Jesse Adams, brother of Tabasha Paige-Criado, the 30-year-old Medford woman who was killed along with her four children Monday, holds a press conference Thursday with his wife, Heidi, at his side. Mail Tribune / Jamie Lusch - Jamie Lusch

A Family's Torment

Struggling through his tears, the brother of the 30-year-old woman killed Monday morning in west Medford described the emotional chaos his family members are suffering as they come to terms with the brutal slayings of Tabasha Paige-Criado and her four children.

"We are saddened and angry and hurt and stricken with grief over the loss of my sister and her kids," Jesse Adams said.

Adams, 32, of Phoenix, Ariz., and his wife, 30-year-old Heidi Adams, spoke at the Best Western Horizon Inn on Thursday morning.

Less than a mile away, 51-year-old Jordan Criado, who police suspect stabbed his family then set their west Medford house on fire, lay in Rogue Valley Medical Center in a condition hospital officials describe as nonresponsive. He requires mechanical ventilation to help him breathe.

Paige-Criado has five brothers and sisters.

Adams said though it was difficult dealing with the thought that Criado may have killed the family, he has tried to find a way to reconcile himself with his brother-in-law.

"We want Jordan to know he has been forgiven and that he will have to deal with this himself," he said. "So God has taken my family out of the wicked garden and put them in the heavenly garden."

The tragedy has been particularly difficult on Paige-Criado's mother, Gwen Crowles, who lives in Bakersfield, Calif., the family's hometown.

"My mom — I can't even imagine the pain she's holding back," he said.

Adams and his wife appeared overwhelmed by the outpouring of support from the local community. They thanked the first responders who tried for 45 minutes to resuscitate the family members on the lawn of their house at 1027 W. 10th St.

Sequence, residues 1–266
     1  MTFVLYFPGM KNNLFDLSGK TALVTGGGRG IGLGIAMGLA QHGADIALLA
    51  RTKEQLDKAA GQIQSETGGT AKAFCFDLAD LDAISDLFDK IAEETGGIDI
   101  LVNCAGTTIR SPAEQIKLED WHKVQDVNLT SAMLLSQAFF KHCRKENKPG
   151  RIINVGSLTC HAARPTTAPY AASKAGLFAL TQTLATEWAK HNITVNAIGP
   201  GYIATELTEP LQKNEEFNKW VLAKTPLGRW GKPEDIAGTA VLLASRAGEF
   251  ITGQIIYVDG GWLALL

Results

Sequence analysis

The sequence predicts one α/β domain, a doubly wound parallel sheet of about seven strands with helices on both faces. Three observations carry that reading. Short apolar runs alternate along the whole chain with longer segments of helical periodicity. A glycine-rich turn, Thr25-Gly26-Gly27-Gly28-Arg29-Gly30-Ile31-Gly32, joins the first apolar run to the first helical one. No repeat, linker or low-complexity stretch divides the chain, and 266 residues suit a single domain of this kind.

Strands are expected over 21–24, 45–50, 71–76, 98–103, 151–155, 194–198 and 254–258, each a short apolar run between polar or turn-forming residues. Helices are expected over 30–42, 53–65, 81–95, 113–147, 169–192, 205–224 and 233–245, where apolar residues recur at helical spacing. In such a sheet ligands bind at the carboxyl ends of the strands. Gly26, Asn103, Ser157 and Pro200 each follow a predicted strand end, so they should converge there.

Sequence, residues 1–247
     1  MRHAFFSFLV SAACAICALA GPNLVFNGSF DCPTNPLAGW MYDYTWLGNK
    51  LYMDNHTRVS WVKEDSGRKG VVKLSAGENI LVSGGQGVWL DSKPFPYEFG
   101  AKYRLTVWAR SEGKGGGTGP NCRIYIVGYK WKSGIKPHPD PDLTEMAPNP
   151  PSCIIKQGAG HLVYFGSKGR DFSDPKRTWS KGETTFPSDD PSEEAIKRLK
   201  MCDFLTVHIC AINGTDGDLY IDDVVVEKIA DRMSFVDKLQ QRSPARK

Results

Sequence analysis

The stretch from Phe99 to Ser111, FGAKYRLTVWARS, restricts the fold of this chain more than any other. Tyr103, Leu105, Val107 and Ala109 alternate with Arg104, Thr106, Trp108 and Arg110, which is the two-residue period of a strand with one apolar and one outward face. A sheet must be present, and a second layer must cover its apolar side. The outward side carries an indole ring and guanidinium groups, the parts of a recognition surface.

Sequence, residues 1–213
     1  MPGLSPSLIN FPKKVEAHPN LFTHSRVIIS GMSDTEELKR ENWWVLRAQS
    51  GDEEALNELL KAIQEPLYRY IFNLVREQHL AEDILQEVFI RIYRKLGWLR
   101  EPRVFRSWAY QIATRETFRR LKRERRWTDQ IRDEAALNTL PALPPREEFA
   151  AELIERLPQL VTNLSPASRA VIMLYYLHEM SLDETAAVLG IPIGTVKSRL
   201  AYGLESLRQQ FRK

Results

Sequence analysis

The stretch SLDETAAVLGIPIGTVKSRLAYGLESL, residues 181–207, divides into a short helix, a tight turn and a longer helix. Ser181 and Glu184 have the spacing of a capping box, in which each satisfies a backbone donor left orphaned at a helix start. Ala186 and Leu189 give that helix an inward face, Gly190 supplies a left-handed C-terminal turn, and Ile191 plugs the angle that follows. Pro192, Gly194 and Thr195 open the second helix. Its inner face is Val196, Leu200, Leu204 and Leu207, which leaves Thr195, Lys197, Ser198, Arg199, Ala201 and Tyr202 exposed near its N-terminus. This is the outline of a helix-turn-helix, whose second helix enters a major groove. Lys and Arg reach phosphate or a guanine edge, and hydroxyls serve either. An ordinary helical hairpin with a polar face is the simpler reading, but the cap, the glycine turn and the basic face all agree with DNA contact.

A 30-year-old local woman, who wants to remain anonymous because of an abusive relationship in her past, has spearheaded an effort to help the family find lodgings, meals and financial assistance.

The Best Western is providing a free room for the couple and their two children. The Black Bear Diner is providing them meals, and Sherm's is offering its support.

Darby Stricker, general manager of the Best Western, said the anonymous local woman approached her on Tuesday.

"She asked if we were willing to help," she said. "There is only one answer to that."

Stricker said Best Western and other local businesses have agreed to help with the couple's traveling expenses.

"Only in Medford do people from every corner of the town come together to help people," she said.

Pastor Peter Slusher of Community Bible Church in Central Point said the local woman didn't know anything about the family, but stepped up immediately.

The woman, who has children herself, called local businesses and asked Slusher if he could help out.

"She has been very good at providing behind-the-scenes help," Slusher said.

The Adamses said they had received calls and other moral support from the community.

"There have been so many people offering their condolences," Adams said. "It has been overwhelming."

His wife said, "We want to thank the community and everybody out there who is praying for us."

The family, who had driven up from Phoenix, said they have hardly slept since receiving the news of the Criados' deaths on Monday.

Adams said he's hoping to find out more about his sister's life in Southern Oregon when the vigil is held at 9 p.m. today at Hawthorne Park. Participants are encouraged to start arriving at 8:30 p.m.

"I would love to know what made Tabasha special for you," he said. "I would love to know what made the kids special to you."

Adams said the family wasn't particularly bothered that Criado had served prison time as a sex offender.

"We've all done things in our past that we're not proud of," Adams said.

Adams and his wife have visited the Criados' home. The Adamses are hoping to get inside to gather some of the belongings of Paige-Criado and her children, Elijah, 7, Isaac, 6, Andrew, 5, and Aurora, 2.

They also hope to transport the bodies back to Bakersfield.

Adams described his sister as full of life with an extraordinary personality who cared for her children.

"We love you Tabasha, Andrew, Elijah, Isaac and Aurora," Adams said.

Reach reporter Damian Mann at 541-776-4476, or e-mail

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